Monday, 18 January 2016

Pimping the Well

The recent comments by Scott Church and Anonymous on "poisoning the well" may reveal an interesting strategy on their part, one that I call "pimping the well".

Their argument is that some people, such as myself, employ a strategy in which the intentions of their opponents are maligned rather than addressing their arguments.  An inherent assumption here is that such efforts will work (or would work if there wasn't a shrill chorus of "poisoning the well" accusations).  This might be the case if the arguments did not stand by themselves and they absolutely needed some authority on the part of the person making the argument.

Scott Church was quick to point out the credentials of Luke Barnes and even went so far as to say that Barnes' "home page (linked from this blog) lists his CV, his research, his popular and refereed publications … everything one needs to vet his claims".  This, I think, is a clear case of "pimping the well".  Look how well (ha ha) credentialed this person is, his arguments must therefore be true.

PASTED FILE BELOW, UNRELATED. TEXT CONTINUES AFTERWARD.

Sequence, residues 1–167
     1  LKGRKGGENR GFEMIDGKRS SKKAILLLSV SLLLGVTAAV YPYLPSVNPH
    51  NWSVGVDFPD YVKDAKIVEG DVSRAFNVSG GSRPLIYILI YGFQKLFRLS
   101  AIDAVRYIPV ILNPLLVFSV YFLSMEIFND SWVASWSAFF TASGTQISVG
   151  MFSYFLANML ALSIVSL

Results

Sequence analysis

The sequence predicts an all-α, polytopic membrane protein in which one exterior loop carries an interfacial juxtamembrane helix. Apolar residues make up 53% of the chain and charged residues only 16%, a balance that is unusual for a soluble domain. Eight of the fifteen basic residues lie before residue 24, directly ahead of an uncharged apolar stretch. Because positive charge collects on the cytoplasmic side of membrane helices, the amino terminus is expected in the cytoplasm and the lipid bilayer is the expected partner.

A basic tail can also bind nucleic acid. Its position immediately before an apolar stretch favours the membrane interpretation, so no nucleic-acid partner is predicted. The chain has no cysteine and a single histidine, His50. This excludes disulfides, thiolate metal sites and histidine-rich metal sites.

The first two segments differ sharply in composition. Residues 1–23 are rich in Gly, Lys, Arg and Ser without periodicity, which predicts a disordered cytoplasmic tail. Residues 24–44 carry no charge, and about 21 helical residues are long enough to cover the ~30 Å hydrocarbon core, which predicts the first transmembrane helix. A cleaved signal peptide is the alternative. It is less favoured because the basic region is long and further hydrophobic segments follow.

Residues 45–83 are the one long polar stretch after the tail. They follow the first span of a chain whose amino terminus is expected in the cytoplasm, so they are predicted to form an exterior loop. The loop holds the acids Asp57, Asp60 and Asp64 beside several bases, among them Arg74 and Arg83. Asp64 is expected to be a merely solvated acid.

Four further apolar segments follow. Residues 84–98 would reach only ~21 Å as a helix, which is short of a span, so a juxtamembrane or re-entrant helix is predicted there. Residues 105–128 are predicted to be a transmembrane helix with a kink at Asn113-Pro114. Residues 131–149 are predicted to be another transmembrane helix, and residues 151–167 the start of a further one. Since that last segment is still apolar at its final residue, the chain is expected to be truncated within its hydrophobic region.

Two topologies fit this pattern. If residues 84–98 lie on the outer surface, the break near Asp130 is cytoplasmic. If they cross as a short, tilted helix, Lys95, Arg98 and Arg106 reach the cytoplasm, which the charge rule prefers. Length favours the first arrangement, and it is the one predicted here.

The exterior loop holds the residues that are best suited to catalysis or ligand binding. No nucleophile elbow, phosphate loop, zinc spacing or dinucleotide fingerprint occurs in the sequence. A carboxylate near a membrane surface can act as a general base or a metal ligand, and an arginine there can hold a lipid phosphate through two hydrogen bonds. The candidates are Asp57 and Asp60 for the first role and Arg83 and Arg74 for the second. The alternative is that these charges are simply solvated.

That's not how it works.  Barnes' arguments would be correct if they are correct, even if he were a complete nobody with no history.   And they'll be incorrect, if they are incorrect, despite having ticked all the boxes.


While I am at it, I would like to point out another little peculiarity.  Scott first, but then Anonymous, wanted to paint me as guilty of poisoning the well.  Anonymous even wants me to "to withdraw the objections rather than keep defending the indefensible".

It seems to have escaped their notice that, at least in recent times, I have posted two different comments on Barnes' blog: one addressing his paper with Geraint Lewis (reproduced with links intact here) and another addressing his diproton disaster.  These are quite different comments.